Return of the Jedi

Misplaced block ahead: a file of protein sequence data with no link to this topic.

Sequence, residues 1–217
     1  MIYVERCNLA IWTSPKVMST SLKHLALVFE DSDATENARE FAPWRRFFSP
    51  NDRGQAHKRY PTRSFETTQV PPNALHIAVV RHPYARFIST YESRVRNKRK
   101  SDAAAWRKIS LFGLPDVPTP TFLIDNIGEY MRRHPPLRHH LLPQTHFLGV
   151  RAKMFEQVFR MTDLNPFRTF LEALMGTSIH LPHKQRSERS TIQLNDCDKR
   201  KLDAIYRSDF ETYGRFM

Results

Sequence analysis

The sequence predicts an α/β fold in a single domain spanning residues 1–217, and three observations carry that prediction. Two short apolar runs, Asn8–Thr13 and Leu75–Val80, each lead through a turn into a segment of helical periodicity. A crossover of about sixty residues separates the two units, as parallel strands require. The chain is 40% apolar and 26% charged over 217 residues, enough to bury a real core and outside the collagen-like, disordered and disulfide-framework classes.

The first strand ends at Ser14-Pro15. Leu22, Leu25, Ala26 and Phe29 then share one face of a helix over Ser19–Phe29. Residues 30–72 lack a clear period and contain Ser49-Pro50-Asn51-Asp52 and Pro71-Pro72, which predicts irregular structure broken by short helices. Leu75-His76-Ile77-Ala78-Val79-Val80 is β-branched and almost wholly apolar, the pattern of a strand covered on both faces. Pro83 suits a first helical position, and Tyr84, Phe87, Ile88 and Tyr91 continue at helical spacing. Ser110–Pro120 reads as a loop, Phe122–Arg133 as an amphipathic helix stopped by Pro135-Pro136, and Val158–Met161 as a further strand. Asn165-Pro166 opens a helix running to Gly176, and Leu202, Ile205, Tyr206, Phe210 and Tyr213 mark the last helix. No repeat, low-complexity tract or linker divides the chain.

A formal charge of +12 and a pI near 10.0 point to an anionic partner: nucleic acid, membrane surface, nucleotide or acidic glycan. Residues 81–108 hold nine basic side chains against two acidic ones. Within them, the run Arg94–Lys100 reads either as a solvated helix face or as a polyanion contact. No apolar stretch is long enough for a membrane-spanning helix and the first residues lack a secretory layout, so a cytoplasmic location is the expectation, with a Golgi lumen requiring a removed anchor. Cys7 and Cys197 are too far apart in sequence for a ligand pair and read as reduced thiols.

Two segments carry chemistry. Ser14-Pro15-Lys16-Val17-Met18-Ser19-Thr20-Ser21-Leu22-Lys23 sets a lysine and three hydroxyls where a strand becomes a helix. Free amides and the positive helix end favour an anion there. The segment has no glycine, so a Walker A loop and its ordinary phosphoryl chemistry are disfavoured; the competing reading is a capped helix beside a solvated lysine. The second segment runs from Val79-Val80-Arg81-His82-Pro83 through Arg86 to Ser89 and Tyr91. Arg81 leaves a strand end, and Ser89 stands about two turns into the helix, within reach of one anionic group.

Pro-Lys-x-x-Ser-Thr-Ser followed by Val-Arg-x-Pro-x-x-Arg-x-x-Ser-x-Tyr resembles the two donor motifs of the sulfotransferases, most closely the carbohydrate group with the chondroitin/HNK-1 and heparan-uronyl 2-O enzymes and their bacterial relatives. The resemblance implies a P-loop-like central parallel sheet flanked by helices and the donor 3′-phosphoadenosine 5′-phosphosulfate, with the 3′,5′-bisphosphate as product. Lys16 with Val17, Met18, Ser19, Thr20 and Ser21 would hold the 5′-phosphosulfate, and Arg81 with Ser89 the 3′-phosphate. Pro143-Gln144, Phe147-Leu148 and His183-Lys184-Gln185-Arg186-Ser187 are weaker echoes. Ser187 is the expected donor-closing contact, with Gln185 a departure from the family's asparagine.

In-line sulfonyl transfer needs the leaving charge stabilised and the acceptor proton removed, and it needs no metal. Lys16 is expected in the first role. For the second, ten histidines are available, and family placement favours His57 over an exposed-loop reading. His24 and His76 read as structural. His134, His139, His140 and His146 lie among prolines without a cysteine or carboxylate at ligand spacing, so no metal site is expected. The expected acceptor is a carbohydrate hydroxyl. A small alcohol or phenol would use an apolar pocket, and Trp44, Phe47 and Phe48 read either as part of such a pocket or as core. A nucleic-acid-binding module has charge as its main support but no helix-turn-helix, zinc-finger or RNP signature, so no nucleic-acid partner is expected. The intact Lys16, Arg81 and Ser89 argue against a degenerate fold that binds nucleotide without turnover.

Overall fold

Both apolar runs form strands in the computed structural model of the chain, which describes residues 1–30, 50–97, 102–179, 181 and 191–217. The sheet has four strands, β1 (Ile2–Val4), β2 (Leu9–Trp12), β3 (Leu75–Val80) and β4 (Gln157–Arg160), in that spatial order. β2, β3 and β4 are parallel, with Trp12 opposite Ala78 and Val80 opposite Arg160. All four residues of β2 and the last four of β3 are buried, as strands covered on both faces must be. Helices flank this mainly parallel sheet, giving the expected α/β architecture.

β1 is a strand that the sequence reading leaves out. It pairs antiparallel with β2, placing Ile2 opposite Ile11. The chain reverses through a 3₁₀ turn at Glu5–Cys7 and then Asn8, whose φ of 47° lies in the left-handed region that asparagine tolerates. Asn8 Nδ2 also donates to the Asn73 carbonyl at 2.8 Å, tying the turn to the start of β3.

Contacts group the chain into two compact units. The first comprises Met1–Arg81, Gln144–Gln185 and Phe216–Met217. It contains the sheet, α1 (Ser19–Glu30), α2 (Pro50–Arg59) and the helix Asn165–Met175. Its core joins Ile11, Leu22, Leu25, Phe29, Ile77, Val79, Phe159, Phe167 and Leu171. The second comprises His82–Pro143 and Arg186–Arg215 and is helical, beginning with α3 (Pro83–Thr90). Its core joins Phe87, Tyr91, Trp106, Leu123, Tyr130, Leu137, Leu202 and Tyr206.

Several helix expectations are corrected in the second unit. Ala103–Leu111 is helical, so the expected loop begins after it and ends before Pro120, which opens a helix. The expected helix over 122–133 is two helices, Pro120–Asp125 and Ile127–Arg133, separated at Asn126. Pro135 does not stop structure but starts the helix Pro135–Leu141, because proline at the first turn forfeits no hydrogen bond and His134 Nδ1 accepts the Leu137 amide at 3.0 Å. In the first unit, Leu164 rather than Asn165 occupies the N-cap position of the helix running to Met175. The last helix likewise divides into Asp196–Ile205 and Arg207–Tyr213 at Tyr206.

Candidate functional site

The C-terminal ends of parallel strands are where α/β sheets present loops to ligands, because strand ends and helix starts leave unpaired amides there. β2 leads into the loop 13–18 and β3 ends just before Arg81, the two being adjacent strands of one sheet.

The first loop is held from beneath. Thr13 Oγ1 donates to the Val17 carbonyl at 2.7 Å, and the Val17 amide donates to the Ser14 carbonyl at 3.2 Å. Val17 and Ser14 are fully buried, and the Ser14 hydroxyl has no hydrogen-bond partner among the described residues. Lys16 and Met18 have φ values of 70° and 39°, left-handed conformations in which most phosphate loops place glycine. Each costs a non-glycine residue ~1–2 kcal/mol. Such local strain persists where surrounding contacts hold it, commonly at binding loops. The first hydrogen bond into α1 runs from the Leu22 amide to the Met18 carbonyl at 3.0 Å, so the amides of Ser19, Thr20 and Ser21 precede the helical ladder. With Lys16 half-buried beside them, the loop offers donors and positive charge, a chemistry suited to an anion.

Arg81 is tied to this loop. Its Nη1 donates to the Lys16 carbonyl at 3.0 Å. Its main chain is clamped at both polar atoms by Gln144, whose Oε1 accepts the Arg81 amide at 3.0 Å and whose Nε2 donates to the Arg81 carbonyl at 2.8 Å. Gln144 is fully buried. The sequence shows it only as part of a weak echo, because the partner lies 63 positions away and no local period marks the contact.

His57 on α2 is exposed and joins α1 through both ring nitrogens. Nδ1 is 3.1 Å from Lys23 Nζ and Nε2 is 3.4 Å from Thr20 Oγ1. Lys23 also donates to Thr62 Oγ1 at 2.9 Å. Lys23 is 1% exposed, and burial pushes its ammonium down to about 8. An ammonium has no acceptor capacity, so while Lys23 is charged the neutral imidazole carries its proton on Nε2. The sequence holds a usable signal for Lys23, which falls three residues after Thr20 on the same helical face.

I worked on my grades and submitted them.  I heard the sad news that Patty Duke had died at age 69.  I gave a decent lecture, but I was glad to get away.  I saw Albert Brooks on the Tonight Show rerun from May 17, 1983.  I didn’t want to watch Brooke Shields talk about lemurs, so I put on the Blu-ray disc of “Return of the Jedi.”  I didn’t see that high definition added greatly to the experience of watching this film.  I felt some nostalgia for those days of 1983.  I was reminded of how skinny Carrie Fisher’s face looked in this movie.  I thought it was a little bit frightening.  I thought the scene with Princess Leia taking the chain and choking Jabba the Hut with it was quite disturbing, especially in a movie that children would see.  It was a murder of the type you don’t see in family movies.  I would say that I’ve come to despise the special editions of the Star Wars movies.  The added special effects don’t look all that good, and I don’t see that the stories are fuller or more meaningful.  Perhaps the biggest reasons for my dislike of the changed version of “Return of the Jedi” is the appearance of Hayden Christensen.  Did any Star Wars fan actually like watching him?  He was only two years old in 1983.  Seeing him in “Return of the Jedi” is polluting my memory of this movie.  What happened to George Lucas’ sense of judgment?  The worst part of this movie is the resolution of the love triangle.  Luke was supposed to go on a search for his lost sister, which would have made sense considering the way his relationship with Leia was shown in the previous episode.  The change affected the next three episodes and contributed to their dumbness.  I thought the action scenes in the forest were good, although I don’t believe that people can just hop on strange machines and operate them with total command and confidence.  Maybe with the technology that goes into self-driving cars, people will avoid crashing into trees and such even using unfamiliar vehicles.  I felt a Muppet influence that went beyond Yoda in this movie.  I probably didn’t mind the Ewoks when I originally saw this movie, but now I find them amazingly annoying.  They are teddy bears gone crazy, somewhat in the vein of the Gremlins of 1984.  The scene where they’re about to cook Luke and Han Solo shows that deep down they’re not too likable.  I can’t respect the Ewoks when they’re going to kill people one moment, and then they’re working with them the next.  They also had some concept of a golden gold which was laughable.  I don’t know if I’m supposed to respect creatures called Ewoks in the first place because they are just one component of the spectacle that Lucas has created.  I can say that watching them brought back a bit of the odor of “Willow,” which I’ve been trying to forget ever since I first saw it in 1988.  Two key characters die in “Return of the Jedi,” which is quite terrible when you sit down and assess the wreckage.  I guess that Force lightning allows the violence to seem less brutal than actual physical contact, but then it makes it look like Luke is just acting with his screams.  It’s like he’s pretending as kids do.  It was rather a letdown to see Darth Vader’s softness, both in his action against the Emperor and seeing the flesh of his face.  It seemed that there were other possibilities for this story to end.  Lucas could have shown some guts in giving us a moody ending with Luke, but then Star Wars fans would have been up in arms, as it would have taken 32 years to get back to Luke.  I wrote down some notes and figured that if Lucas had gone on to make Star Wars movies at the rate of one every three years since 1977, we would be seeing Episode 14 this year.  Maybe if Lucas hadn’t gone through a divorce, he would have gone back to the Star Wars series.  It would have been good to see what Han Solo was up to during some of those years.  However, Lucas would have needed a huge amount of help in writing all those scripts, and I don’t think that even Lawrence Kasden could have supplied enough fresh ideas to keep the ship going for all that time.  One thought that I came away with after this viewing was how Kylo Ren could be in possession of Darth Vader’s helmet, which was in a fire at the end of this movie.  When I did an Internet search of this question, I was led to the short story by Delilah S. Dawson titled “The Perfect Weapon,” featuring the character Bazine Netal.  I guess I’m going to have to fork over a couple of dollars if I want to read the story.  I refuse to buy the Star Wars Blu-ray discs if they aren’t the original theatrical versions.  The thought of Hayden Christensen where he doesn’t belong is too much for me.  Why did you do it, George Lucas?  Why did you impose that image upon us?  You didn’t replace Alec Guinness with Ewan McGregor.  You are making no sense to us.  When I looked at Lucas’ director credits, I saw that the only really notable ones were for “THX 1138,” “American Graffiti,” and four of the Star Wars movies.  Irvin Kershner, who directed “The Empire Strikes Back,” also worked on “A Fine Madness,” “The Flim-Flam Man,” and “Never Say Never Again.”  He died in 2010 at age 87.  Richard Marquand, the director of “Return of the Jedi,” also directed “Eye of the Needle” and “Jagged Edge.”  He died in 1987 at age 49.  J.J. Abrams has directed “Star Trek” and “Super 8,” and he is 49 years old.  Is the Lucas Museum ever going to be built in Chicago?  Should I bother watching the rest of the Star Wars movies on Blu-ray, or should I go back to watching the old DVDs?  Some of the people who died on March 30 include James Cagney (1986), Fred Korematsu (2005), Michael Dibdin (2007), Dith Pran (2008), Jaime Escalante (2010), and Phil Ramone (2013).  Today is a birthday for Norah Jones (37), Tracy Chapman (52), MC Hammer (54), Robbie Coltrane (66), Eric Clapton (71), Warren Beatty (79), and John Astin (86).  According to the Brandon Brooks Rewind radio segment for March 30, Barbra Streisand’s television special “Color Me Barbra” was broadcast on CBS in 1966.  In 1985, Phil Collins’ “One More Night” was Number One on the singles chart.  In 1988, the Tim Burton movie “Beetlejuice” was released.  In 1990, “Teenage Mutant Ninja Turtles” was released.